Welcome to My Home Page

A bit about Andy McLennan:

  • After almost two decades in the Department of Economics of the University of Minnesota, and a brief appointment at the University of Sydney, I've been a professor at the School of Economics of the University of Queensland since 2007. My research specializations are mathematical economics and game theory. Among other things, I have been interested in computational issues arising out of the problem of getting a computer to find all Nash equilibria of a finite game, which has led me to learn about literature in algebraic geometry related to the solution of systems of polynomial equations.

  • Along with the late Richard McKelvey, I was able to apply the ideas there to characterize both the largest number of totally mixed Nash equilibria a "generic" normal form game might have, and the average number. For several years I worked with Richard McKelvey, Ted Turocy, and others, on Gambit: Software Tools for Game Theory, which is a free software package for dealing with finite games in normal and extensive form.

  • Random stumbling around has led me into a variety of other projects, and you can see by checking out recent papers. One exciting development is a very simple proof of Kakutani's fixed point theorem that Rabee Tourky and I came up with. I also like pure mathematics. For those who like "Book" proofs, let me recommend the note on the Erdos-Sos conjecture. (You won't learn any economics, but you should be able to read it even if you don't know much about graph theory.) I have recently written a paper that provides a geometric analogue of the Vietoris-Begle theorem, and applies it to show that certain subsets of Riesz spaces are contractible. A couple expository papers explain (at different levels) modern versions of the Morse-Sard theorem, with a fairly easy proof. There is also a book that translates Serre's famous paper Fascieux Algebrique Coherent and provides all required background from commutative algebra.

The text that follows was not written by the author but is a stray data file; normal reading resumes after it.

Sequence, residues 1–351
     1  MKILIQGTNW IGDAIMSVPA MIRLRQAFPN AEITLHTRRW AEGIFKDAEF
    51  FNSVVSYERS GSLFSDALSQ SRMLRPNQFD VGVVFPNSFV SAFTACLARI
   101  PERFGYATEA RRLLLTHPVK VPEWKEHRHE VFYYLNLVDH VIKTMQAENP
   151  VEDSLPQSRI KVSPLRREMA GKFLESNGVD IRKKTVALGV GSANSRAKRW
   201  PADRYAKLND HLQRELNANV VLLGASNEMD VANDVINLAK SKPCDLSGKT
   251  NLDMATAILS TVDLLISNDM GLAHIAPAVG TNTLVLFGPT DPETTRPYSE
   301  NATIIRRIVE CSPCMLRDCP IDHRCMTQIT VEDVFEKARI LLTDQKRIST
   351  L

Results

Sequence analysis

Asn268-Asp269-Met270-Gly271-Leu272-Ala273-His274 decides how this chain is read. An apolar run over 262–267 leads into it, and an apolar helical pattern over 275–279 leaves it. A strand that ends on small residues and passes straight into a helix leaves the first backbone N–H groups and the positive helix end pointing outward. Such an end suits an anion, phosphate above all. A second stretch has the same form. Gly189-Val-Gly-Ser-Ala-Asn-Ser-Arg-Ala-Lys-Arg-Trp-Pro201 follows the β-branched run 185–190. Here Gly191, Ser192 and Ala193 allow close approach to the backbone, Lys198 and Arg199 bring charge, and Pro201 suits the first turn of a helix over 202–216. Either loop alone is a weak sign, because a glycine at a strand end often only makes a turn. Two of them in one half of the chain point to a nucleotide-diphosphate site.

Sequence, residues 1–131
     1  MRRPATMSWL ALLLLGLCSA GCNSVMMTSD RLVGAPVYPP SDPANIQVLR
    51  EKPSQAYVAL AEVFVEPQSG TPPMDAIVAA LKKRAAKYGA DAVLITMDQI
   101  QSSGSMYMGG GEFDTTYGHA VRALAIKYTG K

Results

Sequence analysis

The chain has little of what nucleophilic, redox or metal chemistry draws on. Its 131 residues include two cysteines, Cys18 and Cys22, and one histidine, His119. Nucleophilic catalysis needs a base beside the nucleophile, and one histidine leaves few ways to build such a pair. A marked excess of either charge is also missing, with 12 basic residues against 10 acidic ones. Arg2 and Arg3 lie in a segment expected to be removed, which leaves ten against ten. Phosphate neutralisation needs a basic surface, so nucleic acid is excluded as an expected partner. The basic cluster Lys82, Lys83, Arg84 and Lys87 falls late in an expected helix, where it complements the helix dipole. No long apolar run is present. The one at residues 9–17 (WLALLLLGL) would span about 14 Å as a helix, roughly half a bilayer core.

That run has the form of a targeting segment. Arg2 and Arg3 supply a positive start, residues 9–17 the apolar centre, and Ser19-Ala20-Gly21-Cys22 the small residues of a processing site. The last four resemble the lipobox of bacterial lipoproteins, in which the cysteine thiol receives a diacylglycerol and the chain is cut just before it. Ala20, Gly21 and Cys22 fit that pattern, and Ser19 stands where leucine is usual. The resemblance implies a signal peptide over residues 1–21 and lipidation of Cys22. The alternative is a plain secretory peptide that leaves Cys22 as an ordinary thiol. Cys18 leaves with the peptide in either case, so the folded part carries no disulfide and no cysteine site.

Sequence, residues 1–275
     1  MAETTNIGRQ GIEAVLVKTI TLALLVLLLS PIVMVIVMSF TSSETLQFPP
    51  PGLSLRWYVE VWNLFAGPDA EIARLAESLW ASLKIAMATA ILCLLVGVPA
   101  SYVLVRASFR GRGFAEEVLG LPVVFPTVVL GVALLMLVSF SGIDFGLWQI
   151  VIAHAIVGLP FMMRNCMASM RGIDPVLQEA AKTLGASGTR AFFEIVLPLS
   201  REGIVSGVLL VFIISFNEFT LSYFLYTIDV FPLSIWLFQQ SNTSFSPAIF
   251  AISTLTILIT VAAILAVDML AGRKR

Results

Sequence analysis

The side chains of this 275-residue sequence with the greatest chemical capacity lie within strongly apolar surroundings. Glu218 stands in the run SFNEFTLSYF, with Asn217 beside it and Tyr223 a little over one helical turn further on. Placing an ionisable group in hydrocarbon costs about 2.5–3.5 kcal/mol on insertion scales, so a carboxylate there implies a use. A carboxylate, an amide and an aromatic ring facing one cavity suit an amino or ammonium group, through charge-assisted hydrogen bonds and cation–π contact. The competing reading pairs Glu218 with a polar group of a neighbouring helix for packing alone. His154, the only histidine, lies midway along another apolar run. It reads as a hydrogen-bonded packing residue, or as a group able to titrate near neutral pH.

• For me macroeconomic research has always been a spectator sport, but that may be changing.


Last updated on October 8, 2020.